John's Waters Family

The name Waters is thought to derive from Walter. It seems to have appeared in different parts of England and we suspect there is no connection between the groups in different geographical areas and that the variation of the name from Walter is purely because of the local accent. Using an analysis of the early GRO death indices, the large concentrations of the name are in Lincolnshire and Monmouthshire, with smaller clusters in Kent and Hampshire. However in the parish registers there is evidence of the name in Lancashire in the 17th century and I currently feel that my direct line goes back in the region to before parish registers. Having said that the earliest definite connection on the direct male line is a marriage in 1749.

The marriage in the parish church of Dean between John Waters and Ann Clay who lived in the Westhaughton area produced a large number of boys including as well as my 3 times great grandfather Robert born in 1767, a Doctor Waters who by folk tradition as the 7th son of a 7th son should have had a gift for healing. Though there are no clues as to John's circumstances it is likely to have been lowly as at least 2 of the sons joined the militia as substitutes for other townships (i.e. they were paid to replace the person originally conscripted).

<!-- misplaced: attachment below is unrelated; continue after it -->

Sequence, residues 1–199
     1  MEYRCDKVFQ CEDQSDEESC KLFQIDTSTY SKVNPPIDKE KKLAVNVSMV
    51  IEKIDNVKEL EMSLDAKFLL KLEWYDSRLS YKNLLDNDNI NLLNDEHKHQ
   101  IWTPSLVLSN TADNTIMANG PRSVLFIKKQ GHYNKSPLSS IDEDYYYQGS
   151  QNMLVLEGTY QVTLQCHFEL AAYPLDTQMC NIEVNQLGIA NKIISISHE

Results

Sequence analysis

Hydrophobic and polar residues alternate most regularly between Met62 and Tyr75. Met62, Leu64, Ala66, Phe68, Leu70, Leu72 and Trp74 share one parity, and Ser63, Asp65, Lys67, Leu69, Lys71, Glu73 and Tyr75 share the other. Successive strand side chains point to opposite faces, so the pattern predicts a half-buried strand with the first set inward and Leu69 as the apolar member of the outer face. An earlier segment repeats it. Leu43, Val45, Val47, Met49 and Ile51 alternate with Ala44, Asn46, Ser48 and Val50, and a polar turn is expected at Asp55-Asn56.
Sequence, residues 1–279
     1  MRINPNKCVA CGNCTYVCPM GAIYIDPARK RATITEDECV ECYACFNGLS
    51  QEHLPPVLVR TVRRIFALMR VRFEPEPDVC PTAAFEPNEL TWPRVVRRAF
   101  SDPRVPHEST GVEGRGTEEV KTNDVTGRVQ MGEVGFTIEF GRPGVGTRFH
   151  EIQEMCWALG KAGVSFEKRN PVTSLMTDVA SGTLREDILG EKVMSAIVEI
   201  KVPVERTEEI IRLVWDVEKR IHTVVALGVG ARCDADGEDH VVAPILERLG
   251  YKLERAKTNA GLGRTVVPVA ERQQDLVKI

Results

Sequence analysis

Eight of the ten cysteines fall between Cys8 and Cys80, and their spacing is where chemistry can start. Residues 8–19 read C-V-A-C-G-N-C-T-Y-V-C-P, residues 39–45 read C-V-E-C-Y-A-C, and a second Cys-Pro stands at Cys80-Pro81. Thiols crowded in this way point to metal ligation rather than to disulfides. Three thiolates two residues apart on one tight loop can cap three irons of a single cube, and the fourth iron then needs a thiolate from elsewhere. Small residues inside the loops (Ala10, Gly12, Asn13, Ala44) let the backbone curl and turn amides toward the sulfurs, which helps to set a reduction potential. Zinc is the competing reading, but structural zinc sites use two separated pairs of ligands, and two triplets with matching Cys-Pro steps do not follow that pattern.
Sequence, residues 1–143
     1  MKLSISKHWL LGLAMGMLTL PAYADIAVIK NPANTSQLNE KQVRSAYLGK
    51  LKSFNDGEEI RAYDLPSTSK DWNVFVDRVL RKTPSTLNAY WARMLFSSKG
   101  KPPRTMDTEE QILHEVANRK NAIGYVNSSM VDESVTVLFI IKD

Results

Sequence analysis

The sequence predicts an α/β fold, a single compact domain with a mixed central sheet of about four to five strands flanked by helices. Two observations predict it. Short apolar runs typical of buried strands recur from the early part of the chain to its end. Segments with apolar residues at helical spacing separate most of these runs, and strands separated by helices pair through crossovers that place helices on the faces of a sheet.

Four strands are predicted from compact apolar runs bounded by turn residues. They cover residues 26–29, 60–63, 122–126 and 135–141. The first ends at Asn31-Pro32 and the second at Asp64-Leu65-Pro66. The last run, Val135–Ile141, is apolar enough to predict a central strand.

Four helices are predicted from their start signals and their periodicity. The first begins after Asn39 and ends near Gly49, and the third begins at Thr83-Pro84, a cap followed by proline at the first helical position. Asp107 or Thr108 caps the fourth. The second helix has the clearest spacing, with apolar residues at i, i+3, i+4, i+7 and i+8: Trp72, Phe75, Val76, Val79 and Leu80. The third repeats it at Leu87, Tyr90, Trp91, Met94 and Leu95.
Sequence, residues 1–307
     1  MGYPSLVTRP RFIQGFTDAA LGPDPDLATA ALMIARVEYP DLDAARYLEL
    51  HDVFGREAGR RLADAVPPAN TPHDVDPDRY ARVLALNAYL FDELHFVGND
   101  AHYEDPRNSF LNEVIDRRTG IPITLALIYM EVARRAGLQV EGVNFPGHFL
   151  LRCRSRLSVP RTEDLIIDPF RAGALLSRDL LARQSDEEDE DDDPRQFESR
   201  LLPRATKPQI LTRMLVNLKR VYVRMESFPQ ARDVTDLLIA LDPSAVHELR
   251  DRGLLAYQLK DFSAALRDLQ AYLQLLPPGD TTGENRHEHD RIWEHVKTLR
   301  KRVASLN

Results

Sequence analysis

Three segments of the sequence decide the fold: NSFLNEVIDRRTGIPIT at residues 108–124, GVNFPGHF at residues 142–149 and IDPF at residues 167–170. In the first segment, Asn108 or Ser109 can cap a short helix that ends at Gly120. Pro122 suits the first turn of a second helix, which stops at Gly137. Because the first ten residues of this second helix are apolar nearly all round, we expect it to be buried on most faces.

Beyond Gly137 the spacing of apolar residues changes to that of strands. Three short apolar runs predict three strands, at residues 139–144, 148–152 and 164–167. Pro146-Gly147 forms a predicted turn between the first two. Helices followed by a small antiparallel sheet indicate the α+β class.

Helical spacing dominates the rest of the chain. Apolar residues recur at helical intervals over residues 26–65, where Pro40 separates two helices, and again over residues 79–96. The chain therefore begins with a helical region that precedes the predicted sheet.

Robert and some of the other brothers moved to Horwich about 1800 and worked in the bleaching industry. Robert married twice and my 2 times great grandfather Joseph, born 1806, was the eldest son of the 2nd marriage with Betty Sharples. Joseph married Mary Ashton. Though several of his brothers stayed in the bleaching business and the family moved to Little Lever to follow the work, Joseph became a bookkeeper and then a fent merchant in Pendleton. He prospered and his will includes mention of his wine cellar.

My direct ancestor Edwin was the 11th of 13 children of whom all but 1 survived to adulthood. Edwin was a yarn agent trading on the Manchester Exchange. His eldest son Joseph Baguley was my grandfather.

Joseph was a cotton broker but in the mid 1920's he made some heavy losses and was forced to change career. He became a musical director and held that post with the Bury Athenaeum Musical Society. He died of a heart attack in 1939.